Note: This article contains spoilers. Do not read this if you are not up to date with Downton Abbey series 4 and the 2013 Christmas special.
This was my first Christmas in the UK, and I was able to partake in the quintessentially British pastime of watching Christmas specials on TV. It’s a thing here, to have a long episode of a TV series on Christmas evening. This year saw Christmas specials for Doctor Who, EastEnders, Coronation Street, Call the Midwife, and Downton Abbey, among others. Consolidated ratings – which include those watching the shows live, and catching up afterwards – show that Downton Abbey came in second with 10.28 million viewers. (I didn’t watch live; I recorded it on my TV so I could skip through the many commercials. And there were plenty; about a half-hour’s worth in the two hours the show was on.)
The Christmas special has two goals. First, it’s an episode of a series, even if the actual season for a series ended months earlier. (Downton Abbey’s fourth series ended in early November.) But it’s also meant to be a family event, where everyone can sit down and watch the Christmas special after dinner even if they don’t follow the series.
Downton Abbey has had a rocky road with Christmas specials. For the first season, the show wasn’t popular enough to have one, but in the second series, Matthew Crawley proposed to Lady Mary, culminating the events of the first two season. However, in the following year, things got ugly, as Matthew Crawley was killed off in a car accident just as their son was being born. This poorly staged, melodramatic sequence was probably not something a lot of people appreciated on Christmas night.
So, for this year’s Christmas special, series creator and writer Julian Fellowes pulled out none of the stops. He went for drab and dull, with, as my son said, Downton Abbey jumping the shark. A contrived situation led to Mary and two others burglarizing the lodgings of a Mr Sampson, who was in possession of a letter that could embarrass the Prince of Wales. Rose was presented to the London season, in front of the king and queen, with a few shots of extras lining the street leading to Buckingham Palace, then the luxurious innards of the palace itself. And the Americans were back, with Shirley MacLaine as Cora’s mother, and Paul Giamatti, looking very uncomfortable in his role as Cora’s brother.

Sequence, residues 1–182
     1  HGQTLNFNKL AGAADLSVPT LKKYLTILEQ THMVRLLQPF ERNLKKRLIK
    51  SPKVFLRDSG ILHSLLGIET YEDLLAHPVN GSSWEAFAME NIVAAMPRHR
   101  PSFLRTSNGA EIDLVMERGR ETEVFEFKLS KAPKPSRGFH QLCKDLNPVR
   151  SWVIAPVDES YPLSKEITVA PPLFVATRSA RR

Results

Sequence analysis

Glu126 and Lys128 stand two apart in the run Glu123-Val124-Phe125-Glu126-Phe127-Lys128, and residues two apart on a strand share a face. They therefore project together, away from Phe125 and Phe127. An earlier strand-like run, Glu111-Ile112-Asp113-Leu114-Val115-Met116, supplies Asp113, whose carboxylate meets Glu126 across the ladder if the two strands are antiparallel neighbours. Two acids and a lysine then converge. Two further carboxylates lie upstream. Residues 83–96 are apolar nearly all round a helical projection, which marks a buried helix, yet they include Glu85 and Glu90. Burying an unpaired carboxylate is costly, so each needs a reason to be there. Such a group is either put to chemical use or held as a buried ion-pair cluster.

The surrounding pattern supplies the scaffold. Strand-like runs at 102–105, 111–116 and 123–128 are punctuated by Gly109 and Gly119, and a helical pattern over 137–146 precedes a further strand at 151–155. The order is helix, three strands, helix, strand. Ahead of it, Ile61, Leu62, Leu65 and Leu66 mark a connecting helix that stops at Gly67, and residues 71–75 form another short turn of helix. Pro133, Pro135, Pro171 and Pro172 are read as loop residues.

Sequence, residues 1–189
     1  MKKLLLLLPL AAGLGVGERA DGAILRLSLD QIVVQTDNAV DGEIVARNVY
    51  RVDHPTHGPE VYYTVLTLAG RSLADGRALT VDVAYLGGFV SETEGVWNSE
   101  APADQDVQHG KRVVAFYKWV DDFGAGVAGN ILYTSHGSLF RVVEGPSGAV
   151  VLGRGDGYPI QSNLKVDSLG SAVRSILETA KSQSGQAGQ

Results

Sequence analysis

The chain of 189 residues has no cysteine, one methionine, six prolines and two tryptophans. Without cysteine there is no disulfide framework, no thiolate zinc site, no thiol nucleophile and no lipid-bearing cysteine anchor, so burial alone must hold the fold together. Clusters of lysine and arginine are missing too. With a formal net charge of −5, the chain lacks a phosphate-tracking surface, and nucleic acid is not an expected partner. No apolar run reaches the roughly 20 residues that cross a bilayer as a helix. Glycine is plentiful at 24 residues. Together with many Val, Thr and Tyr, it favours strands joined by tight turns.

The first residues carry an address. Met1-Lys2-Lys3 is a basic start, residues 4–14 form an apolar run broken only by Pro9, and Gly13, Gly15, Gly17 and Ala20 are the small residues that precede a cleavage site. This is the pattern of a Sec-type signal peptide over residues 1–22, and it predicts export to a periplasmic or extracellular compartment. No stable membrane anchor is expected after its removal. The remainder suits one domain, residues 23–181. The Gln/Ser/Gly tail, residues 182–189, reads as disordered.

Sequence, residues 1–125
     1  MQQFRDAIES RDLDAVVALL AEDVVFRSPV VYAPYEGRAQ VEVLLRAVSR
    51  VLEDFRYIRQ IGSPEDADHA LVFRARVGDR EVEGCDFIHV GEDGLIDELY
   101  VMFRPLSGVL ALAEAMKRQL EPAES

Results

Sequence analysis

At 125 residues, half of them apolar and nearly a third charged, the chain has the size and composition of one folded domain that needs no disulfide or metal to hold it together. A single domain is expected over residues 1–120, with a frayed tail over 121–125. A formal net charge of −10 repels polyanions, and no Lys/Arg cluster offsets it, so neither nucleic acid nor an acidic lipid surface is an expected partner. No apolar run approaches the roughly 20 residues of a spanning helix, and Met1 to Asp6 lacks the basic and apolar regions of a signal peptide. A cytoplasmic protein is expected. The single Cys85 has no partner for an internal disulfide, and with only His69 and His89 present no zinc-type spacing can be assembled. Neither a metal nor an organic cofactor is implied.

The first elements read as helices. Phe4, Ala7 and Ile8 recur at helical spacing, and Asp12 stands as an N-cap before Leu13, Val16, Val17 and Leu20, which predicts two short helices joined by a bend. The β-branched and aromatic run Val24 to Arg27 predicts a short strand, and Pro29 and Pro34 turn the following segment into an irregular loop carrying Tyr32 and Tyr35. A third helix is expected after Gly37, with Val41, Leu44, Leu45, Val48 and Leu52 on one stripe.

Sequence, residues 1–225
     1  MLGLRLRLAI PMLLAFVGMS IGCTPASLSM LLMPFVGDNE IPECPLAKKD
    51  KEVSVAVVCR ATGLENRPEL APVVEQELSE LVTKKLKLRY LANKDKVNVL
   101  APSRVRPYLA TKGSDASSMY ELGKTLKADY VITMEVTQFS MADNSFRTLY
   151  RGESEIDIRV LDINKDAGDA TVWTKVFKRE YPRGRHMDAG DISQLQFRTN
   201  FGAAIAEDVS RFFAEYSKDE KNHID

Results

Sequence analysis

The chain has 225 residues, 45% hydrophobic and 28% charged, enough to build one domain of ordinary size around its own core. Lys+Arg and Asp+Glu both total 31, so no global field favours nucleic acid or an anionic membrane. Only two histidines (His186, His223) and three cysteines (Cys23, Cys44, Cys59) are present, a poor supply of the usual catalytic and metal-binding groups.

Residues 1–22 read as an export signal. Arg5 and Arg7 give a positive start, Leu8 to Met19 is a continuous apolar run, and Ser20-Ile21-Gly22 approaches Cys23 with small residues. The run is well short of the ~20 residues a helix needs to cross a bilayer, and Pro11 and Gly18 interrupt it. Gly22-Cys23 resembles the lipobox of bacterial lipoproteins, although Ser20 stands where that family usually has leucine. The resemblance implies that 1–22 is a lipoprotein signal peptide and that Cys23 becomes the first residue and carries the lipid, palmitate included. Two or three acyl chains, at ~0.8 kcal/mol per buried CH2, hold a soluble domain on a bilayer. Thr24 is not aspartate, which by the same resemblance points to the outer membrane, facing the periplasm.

And that’s the clue to what’s happening to Downton Abbey. Never before has a British show had such popularity in the US; it’s clear that Fellowes is dumbing the show down to make it palatable to US viewers. With an audience much larger in the US than in the UK, there’s no doubt that the show is being targeted at these foreign viewers now. So we’ll be seeing a lot more of the London season, with balls, royals and lots of extras.
Downton Abbey was somewhat edgy in its first two seasons, but once it got popular in the US, it became comfortable. Granted, there was a rape this season, and the repercussions of this event were still felt in the Christmas special, but overall, it’s getting even soppier than it was when it started out.
Make no mistake: Downton Abbey is a soap opera, but a high-class one. I found it interesting and nearly addictive in the first two seasons. It gave me a (somewhat distorted) look at class in the UK, and presented many interesting characters. But it’s turned into the type of series that creates artificial complications for its characters just to string them along. Two main characters have already been killed off, and one minor character has disappeared (leading to some of the events of the fourth series). Others are added as objects to be used for plot points and nothing more. What started as a good ensemble cast is now a cast of dozens who come and go to fit the needs of the writer, and it’s become hard to follow the many characters who appear occasionally.
When there was less attention to romance and more to the problems the characters had living as they do, the series was more interesting. Unfortunately, Downton Abbey has taken the easy route, becoming an international soap opera, hoping to appeal not only to its home audience, but also to the growing overseas audience watching one of the few foreign TV series that crosses borders to the US. Fellowes is a good writer; I hope he can get his mojo back, and stop writing for ratings.